Prompt Pay: Overview

Getting paid is at the core of every business – it just so happens that in the construction business, getting paid can be much more challenging than it is in other industries, especially when it comes to getting paid on time. Complex payment applications, multiple parties required to receive payment prior to disbursing funds, pay-when-paid clauses, and more all conspire to create the potential for slow payment. In an industry where companies work on razor-thin margins, and have their own payment obligations to worry about, slow payment hiccups can very easily become cash-flow nightmares.

Fortunately, there are laws to streamline construction participants’ time to payment – these Prompt Pay laws provide a general timeline for payment moving through each level of the contracting chain. While not a “fix-everything” solution, the guidelines set out by the prompt pay laws in many states should provide the base-line time in which a company should expect payment for the labor or materials furnished to a construction project for purposes of cash-flow management.

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Prompt Payment in Construction | Resources for all 50 States from Levelset

Federal Prompt Pay Act

Along with the protections provided by the Miller Act, subcontractors on federal projects have the additional protection of the federal Prompt Payment Act. This Act requires federal construction contracts to include a clause obligating the prime contractor to pay subcontractors for “satisfactory” performance within seven days of receiving payment from the government. Without the mandated clause, the timing of payment would generally be left up to the discretion of the direct contractor (through agreement with the sub by contract) and payment would not necessarily be made as quickly. It’s worth noting, however, that despite the government-mandated payment timing clause, the government cannot be made a party to a dispute over late payments. Failure to pay within the appropriate time frame obligates the paying party to pay interest on the past-due amounts. It’s important to note, however, that the prompt payment obligations do not disallow withholding retainage.

In 2011-2012, the Obama Administration provided supplemental guidance regarding the payment of subcontractors vis-a-vis the Prompt Pay Act. This originally provided that the government should pay small business contractors within 15 days of receiving of a proper invoice. This was subsequently expanded to cover payments to subcontractors by requesting agencies “accelerate payments to all prime contractors, in order to allow them to provide prompt payments to small business subcontractors.” This is supported by an amendment to the Federal Acquisition Regulation (FAR) that requires agencies’ prime contracts include terms that obligate the direct contractor to make accelerated payments to subcontractors when the direct contractor itself receives accelerated payments from the government (given certain documentation requirements).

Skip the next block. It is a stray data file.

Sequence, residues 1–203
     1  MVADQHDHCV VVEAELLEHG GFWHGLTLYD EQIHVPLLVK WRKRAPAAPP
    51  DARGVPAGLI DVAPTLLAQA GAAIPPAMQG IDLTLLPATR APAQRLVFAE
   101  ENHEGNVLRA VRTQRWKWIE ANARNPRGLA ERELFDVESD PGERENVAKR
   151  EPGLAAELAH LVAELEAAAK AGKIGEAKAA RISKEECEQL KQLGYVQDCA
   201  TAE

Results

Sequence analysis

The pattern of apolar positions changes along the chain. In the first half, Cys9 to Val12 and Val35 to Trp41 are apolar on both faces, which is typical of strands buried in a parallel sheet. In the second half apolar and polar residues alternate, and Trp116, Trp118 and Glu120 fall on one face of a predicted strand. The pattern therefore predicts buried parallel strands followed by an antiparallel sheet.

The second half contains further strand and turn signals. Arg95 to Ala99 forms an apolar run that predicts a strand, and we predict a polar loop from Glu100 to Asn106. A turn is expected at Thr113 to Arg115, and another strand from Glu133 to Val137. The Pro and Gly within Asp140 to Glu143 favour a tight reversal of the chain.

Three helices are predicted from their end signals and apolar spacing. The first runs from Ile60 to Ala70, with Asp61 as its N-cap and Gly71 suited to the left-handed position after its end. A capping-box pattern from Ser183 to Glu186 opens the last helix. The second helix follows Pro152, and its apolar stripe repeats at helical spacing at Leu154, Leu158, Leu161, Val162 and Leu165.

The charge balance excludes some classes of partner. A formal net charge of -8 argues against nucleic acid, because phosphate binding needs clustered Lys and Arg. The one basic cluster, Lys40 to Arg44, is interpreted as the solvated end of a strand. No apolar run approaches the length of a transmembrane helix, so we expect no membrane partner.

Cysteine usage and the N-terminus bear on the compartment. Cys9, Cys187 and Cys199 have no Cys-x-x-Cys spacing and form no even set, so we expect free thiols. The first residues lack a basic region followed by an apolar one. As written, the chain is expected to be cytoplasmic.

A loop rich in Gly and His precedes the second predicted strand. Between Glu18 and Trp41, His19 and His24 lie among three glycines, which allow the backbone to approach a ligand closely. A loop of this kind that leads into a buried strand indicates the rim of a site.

State Prompt Payment Laws: Public Projects

Prompt payment requirements on non-federal public projects and private projects are governed on a state-by-state basis. While nearly every state has specific prompt payment requirements for public works projects (New Hampshire being the only holdout), over 1/3 of the states have no specific statutory provision regarding prompt payment on private projects. In those states that do, the timeline for payments generally hovers around 30 days from the owner to the GC and generally between 7-14 days after for payment moving down the chain.

Usually, like the federal Prompt Pay Act, these prompt pay statutes do not preclude withholding retainage, and also provide for circumstances in which payment can be withheld past the otherwise applicable deadline.

State Prompt Payment Laws: Private Projects

While these prompt pay statutes provide a general guideline for when payment can reasonably be expected (useful for cash-flow management) they don’t do too much to actually prompt real “prompt payment”. Using an average state’s requirements, payment to a subcontractor can be made nearly 45 days after the GC invoices the property owner, which can be even longer from when the sub actually performed the work or furnished the materials.

It’s important that the desirability of prompt payment has resulted in state protections for construction industry participants, but it’s unfortunate that slow payment remains an industry-wide issue. This means that construction companies should take care to make sure they use all available tools and tricks to get paid faster.

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Prompt Pay: Overview and Limitations
Subcontractors on federal projects have the protection of the Prompt Payment Act which requires federal construction contracts to obligate the prime contractor to pay subcontractors for “satisfactory” performance within 7 days of receiving payment from the government.
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